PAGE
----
video interview of Victor provides insight into his life and experience with the criminal justice
system also includes an interview with his probation officer
• Understanding the Offender with FAS: A Judge's Perspective
(Video 1580.2) 2004; 56 min
Synopsis: This is the record of an informal lecture by Justice Cunliffe Barnett. Having learned
about Fetal Alcohol Syndrome over 20 years ago while attending an FAS workshop presented by
Dr. David F. Smith. Later, when he was the presiding judge in a child protection hearing of a
young boy with severe special needs. This young person had been apprehended from alcoholic
parents. Aware now with new understanding about the serious effects of alcohol use during
pregnancy he requested an assessment for FAS. The story of Geoffrey who grew up to become
both victim and offender, and several other cases are presented. Judge Barnett finds that people
with FAS disabilities in the legal system are frequently unrecognized and misunderstood by
judges, lawyers, social workers and others.
• Understanding the Offender with FAS: Mistakes I Have Made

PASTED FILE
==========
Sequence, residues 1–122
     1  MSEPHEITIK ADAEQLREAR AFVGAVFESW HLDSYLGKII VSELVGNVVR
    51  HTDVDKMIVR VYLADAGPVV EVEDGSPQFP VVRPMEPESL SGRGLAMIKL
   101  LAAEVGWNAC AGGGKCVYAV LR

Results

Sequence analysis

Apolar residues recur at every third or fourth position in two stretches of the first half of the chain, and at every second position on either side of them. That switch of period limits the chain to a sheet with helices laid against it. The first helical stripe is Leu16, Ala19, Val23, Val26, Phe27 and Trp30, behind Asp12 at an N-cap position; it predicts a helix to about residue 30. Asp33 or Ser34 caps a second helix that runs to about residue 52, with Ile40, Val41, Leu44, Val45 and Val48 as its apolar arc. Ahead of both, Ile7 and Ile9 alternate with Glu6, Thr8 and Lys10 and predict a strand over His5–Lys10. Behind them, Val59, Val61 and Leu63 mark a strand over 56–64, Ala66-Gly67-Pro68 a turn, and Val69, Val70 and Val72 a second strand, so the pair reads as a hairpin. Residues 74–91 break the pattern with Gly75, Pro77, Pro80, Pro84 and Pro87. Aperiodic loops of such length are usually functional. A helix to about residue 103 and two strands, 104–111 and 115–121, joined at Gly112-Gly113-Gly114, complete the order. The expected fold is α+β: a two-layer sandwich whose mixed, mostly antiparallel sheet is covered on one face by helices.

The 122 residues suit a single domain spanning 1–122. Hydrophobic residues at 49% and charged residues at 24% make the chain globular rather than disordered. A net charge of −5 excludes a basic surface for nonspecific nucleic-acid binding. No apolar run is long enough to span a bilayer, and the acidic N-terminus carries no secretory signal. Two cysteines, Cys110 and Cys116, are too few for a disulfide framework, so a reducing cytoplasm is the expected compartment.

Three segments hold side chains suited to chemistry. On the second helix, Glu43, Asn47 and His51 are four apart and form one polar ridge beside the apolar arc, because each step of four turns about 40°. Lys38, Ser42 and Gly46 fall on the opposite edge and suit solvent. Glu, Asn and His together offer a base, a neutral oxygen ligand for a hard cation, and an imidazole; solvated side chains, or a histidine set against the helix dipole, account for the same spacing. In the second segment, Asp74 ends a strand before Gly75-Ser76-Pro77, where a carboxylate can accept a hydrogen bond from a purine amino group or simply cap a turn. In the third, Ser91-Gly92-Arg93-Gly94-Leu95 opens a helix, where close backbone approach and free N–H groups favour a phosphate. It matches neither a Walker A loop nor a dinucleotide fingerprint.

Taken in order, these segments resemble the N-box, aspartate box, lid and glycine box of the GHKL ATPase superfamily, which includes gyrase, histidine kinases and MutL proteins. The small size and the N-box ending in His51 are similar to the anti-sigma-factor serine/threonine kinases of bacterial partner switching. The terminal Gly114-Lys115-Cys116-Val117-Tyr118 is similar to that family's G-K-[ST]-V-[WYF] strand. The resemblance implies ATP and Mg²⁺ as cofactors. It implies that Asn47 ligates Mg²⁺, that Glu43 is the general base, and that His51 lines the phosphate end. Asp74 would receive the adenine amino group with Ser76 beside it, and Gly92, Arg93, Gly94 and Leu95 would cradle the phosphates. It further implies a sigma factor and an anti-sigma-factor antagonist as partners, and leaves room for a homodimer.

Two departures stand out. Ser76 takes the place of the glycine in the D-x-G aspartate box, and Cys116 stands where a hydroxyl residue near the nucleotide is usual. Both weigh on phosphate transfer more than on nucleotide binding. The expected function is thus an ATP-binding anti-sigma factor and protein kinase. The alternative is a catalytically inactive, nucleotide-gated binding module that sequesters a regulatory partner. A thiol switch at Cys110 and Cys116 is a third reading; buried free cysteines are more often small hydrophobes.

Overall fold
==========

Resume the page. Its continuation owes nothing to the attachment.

(Video 1580.3) 2004; 28 min
Synopsis: In this video, David Boulding admits to his mistakes as legal counsel defending clients
with FASD (Fetal Alcohol Spectrum Disorder). However, in recognizing his error he presents his
experiences as a lesson for those in the legal profession who may one day find themselves
working with these special needs clients. Other aspects discussed are the implications of FASD
in the Canadian Charter of Rights and Freedoms, the importance of obtaining an FASD
assessment, and the concept of "Not Criminally Responsible by Reason of a Mental Disorder."
He highlights the tendency for clients with FASD to be impressionable, suggestible and easily
mislead, hence assumptions that may seem reasonable for a typical client may not be
appropriate for a client with FASD.

What is FAS? (Video 906) 1989; 25 min
Audience: general; health professionals
Synopsis: Fetal exposure to alcohol can produce a range of health problems from a slight
decrease in birth weight to the serious defect known as Fetal Alcohol Syndrome (FAS). Severely